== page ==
Monday Morning Digest – 16 November 2015

After a one-week hiatus, the Monday Morning Digest is back. Next week will be a special edition, of sorts, as our team returns the Open Education Conference in Vancouver — we will do our level best to share the ideas, presentations, and initiatives that jump out at us.

Check the links below for what inspired us in the last two weeks…

Mainstreaming Open Textbooks: Educator Perspectives on the Impact of OpenStax College open textbooks (IRRODL)
This is an open access journal article; great to read if you’re looking to feel all scholarly. The research looks at educators’ responses to teaching with open textbooks. Spoiler: open textbooks are a net positive, according to teachers.

NYC schools that skip standardized tests have higher graduation rates (Hechinger Report)
Okay, there could be a number of factors that lead to the higher graduation rates, but the substitute for standardized tests is a focus on competency and proofs of that competency that extend throughout a school year rather than reliance on a GPA and state test scores to tell us how well the students, teachers, and schools are doing.

Graduates of four-year universities flock to community colleges for job skills (Hechinger Report)
In some places, “as many as one in five community college students already have bachelor’s degrees.” This Saylor Staffer, for example, has ten non-degree credits from a community college, acquired after a four-year degree. The downside, however, is that the community colleges get pummeled for their low-graduation rates (which can count students who never intended to take a certificate or degree) and the schools are stressed by trying to be many things to many different people, often in the face of budget reductions (the “do more with less” school of education policy).

The Case for Free Access to Higher Education (Academica Forum, h/t OLDaily)
David Wheeler, president of Cape Breton University, argues that the social contract in higher education “is now in urgent need of an overhaul”; that “it makes no sense for advanced economies to create barriers to entry to higher education for their own citizens”.

The digital revolution in higher education has already happened. No one noticed. (Clay Shirky, h/t OLDaily)
Shirky points out that the old non-traditional student is really the new traditional student, that online learning is not just a legitimate idea but a done deal, but that traditional, residential, four-year programs still loom over-large in our narratives in and about higher education.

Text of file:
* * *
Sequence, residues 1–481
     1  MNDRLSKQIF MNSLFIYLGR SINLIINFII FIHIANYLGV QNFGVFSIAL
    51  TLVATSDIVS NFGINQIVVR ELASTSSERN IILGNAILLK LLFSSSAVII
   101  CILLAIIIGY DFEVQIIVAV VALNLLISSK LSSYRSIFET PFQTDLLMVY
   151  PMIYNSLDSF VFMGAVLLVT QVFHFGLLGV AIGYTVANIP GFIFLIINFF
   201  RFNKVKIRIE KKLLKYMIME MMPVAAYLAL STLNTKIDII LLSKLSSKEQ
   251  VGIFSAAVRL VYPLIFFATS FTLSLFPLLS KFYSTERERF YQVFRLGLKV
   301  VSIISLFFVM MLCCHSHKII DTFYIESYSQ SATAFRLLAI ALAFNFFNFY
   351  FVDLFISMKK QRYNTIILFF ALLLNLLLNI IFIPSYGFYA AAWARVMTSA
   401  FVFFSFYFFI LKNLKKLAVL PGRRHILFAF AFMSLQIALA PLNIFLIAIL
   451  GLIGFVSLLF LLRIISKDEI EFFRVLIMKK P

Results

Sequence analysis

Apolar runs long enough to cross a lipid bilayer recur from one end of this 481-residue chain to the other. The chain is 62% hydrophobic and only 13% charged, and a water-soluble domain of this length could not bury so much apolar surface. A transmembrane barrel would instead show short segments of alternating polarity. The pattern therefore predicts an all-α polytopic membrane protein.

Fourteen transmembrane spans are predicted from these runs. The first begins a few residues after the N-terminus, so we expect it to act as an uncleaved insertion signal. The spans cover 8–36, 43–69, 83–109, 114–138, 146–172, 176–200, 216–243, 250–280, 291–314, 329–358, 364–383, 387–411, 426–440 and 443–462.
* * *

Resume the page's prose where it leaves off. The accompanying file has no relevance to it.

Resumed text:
Mozilla is Doing a Hack Job on Open Badges (Kerri Lemoie, h/t OLDaily)
We were early, excited observers of the Open Badges movement (this particular Saylor Staffer still signs into his Beta Backpack with his Persona account). We even articulated a technical and strategic proof-of-concept (undoubtedly still floating around in our digital files). We don’t take a particular stance on blame, but we’ve gone from enthusiasm to cautious optimism to something altogether more jaded about badges. Maybe we’re having the wrong conversation, though; “open credentials” is a concept that is both technically feasible and widely desirable…that is something we can still pin our hopes on and throw a little weight behind.

Desmos Activity Builder (Desmos.com, h/t EdSurge)
Desmos began its life an a free, online graphing calculator, emphasis on the graphing. It remains a great way to visualize, manipulate, solve, and share algebra, trig, and calc functions. Desmos has been improving upon its free activity builder lately, allowing anyone to create fully-articulated activities to use in class and to share with other educators. (Schools: if you are still making kids buy $120 calculators with the computing power of a 30-year-old lower-end PC, you’re doing it wrong.)

Visual Thinkery (Bryan Mathers, h/t OLDaily)
Mathers takes thoughts from others, often about education and technology, and turns them into simple, shareable graphics. He uses the CC BY-ND license; you can expect to see a few of these in our social media timelines!

The Primary Problem with Educational Technology (Iterating Toward Openness)
David Wiley suggests that our edtech priorities may be a bit out of whack, saying, “[W]e must find the willpower to reject the ‘caring doesn’t scale’ narrative and chart a better, more generous path forward.”


Image credits: “care” (modified) by Creative Stall from the Noun Project (CC BY 3.0), modified with circuit board motif from PublicDomainPictures on Pixabay (CC0).

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